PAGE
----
The fundraising arm for House Republicans significantly outraised its Democratic counterpart in the second quarter, revealing how a fractured GOP has been able to bring in huge sums ahead of next year’s midterm elections.
Data from the National Republican Congressional Committee, or NRCC, a fundraising vehicle that works to elect Republicans to the lower chamber of Congress, brought in more than $45.5m in the second quarter, including more than $20m in June. Those figures were boosted by a $6.5m contribution from Kevin McCarthy and a $4.5m transfer from Steve Scalise, the number one and number two ranking House Republicans, respectively.
By comparison, the Democratic Congressional Campaign Committee, which recruits and funds Democratic House candidates, raised $36.5m in the second quarter, and almost $14.4m in June. The parties’ house committees released fundraising figures prior to the filing deadline of July 20.
Republicans have been able to flex their fundraising muscles in recent months, even after Donald Trump left office and exposed huge fissures in the party over its future. Separate disclosures showed the Republican National Committee outraised the Democratic National Committee in May, bringing in $70.4m compared to the DNC’s $68.7m.
Congressional Republicans are split over whether to continue to back the former president. Trump has been banned from most social media platforms over allegations he encouraged the January 6 Capitol riots and his continued false claim that the election was “stolen” from him. Some Republicans want to pursue a more moderate path ahead of next year’s midterms, when control of both the House and the Senate will be up for grabs. Trump has not ruled out running again for president in 2024.
Many Republicans fretted that their fundraising dollars would dry up in the wake of January 6, after several large US companies withdrew donations to those in the party who voted against certifying the election of Joe Biden.
But the latest Federal Election Commission filings from congressional candidates show the GOP has continued to pile up cash as next year’s midterms approach.
While Trump lost the White House in November’s elections, Republicans made gains in the House, narrowing the Democrats’ majority. And though Democrats now control the Senate, the balance of power in the upper chamber is precarious: the 100-member body is split, 50-50, between Democrats and Republicans, with vice-president Kamala Harris able to cast a tiebreaking vote.
The National Republican Senatorial Committee, which works to elect Republicans to the Senate, said it raised $28m in the second quarter, and $10.5m in June. The Democratic counterpart, the Democratic Senatorial Campaign Committee, has yet to disclose its fundraising figures for the second quarter.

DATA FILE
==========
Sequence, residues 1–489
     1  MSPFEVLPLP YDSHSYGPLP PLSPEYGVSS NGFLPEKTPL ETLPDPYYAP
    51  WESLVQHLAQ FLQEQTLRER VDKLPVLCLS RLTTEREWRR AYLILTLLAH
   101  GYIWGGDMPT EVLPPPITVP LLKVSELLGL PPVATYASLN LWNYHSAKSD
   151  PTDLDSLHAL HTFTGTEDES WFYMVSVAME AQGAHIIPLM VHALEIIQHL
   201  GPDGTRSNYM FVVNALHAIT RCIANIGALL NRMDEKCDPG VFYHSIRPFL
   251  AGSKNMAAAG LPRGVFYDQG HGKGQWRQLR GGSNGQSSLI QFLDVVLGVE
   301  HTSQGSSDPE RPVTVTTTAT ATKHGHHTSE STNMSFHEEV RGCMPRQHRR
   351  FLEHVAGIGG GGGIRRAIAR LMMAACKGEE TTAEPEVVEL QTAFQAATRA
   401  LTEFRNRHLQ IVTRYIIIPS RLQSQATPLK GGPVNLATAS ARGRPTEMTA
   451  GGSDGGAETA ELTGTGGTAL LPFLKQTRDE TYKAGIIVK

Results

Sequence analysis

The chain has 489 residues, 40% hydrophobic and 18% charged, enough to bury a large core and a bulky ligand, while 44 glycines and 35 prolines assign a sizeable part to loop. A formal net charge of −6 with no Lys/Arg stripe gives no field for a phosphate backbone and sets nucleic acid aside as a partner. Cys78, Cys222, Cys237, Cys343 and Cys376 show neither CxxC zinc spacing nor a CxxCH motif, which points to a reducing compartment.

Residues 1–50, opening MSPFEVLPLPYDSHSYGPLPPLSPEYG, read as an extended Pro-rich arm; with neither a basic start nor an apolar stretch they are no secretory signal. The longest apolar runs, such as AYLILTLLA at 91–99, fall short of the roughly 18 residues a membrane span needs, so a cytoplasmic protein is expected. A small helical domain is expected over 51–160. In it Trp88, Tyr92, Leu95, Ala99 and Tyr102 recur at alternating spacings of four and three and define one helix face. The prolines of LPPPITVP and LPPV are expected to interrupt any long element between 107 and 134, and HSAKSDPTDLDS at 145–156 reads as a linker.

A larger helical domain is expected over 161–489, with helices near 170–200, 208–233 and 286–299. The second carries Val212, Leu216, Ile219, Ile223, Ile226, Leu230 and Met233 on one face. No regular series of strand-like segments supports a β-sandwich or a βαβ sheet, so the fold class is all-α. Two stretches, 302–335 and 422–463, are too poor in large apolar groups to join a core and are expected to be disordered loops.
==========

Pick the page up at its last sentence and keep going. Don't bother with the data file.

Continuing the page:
Trump, who recently re-emerged on the national political stage with campaign-style rallies in Ohio and Florida and an appearance in Texas at CPAC, the conservative conference, has endorsed a number of congressional candidates in races across the country. The latest figures, however, offer a mixed picture of the value of a Trump endorsement.
Tim Scott, the Republican senator from South Carolina who has built a national brand in part through his efforts to spearhead bipartisan police reform negotiations, was endorsed by Trump in March.
Scott raised $9.6m in the second quarter, on top of $2.1m in the first quarter, according to FEC filings. That makes Scott — who was re-elected in 2016 with more than 60 per cent of the vote — the second most successful Senate fundraiser in the second quarter. He is behind only Chuck Schumer, the Senate’s top Democrat and a formidable fundraiser with a record of funnelling his cash to other Democratic candidates.
Meanwhile, Lisa Murkowski, a centrist Republican senator from Alaska who sometimes votes with the Democrats, will next year face a primary challenge from fellow Republican Kelly Tshibaka, who Trump endorsed last month. The former president said Murkowski — one of seven Senate Republicans who voted to convict him in an impeachment trial for his role in the January 6 riots — was “bad for Alaska”.
But Murkowski raised $1.1m in the second quarter, leaving her with $2.3m cash on hand. She brought in more than twice as much as Tshibaka, who raised just $544,000 over the same three-month period and ended the quarter with about $275,000 in the bank.
Murkowski’s haul underscores a trend of a handful of vocal Republican Trump critics who have been able to raise large sums in recent months.
The FEC filings show Liz Cheney, the House Republican who was ousted from her leadership role over her opposition to the president, brought in nearly $2m in the second quarter, on top of $1.5m in the first quarter, leaving her with $2.8m cash on hand at the end of June.
Rana Foroohar and Edward Luce discuss the biggest themes at the intersection of money and power in US politics every Monday and Friday. Sign up for the newsletter here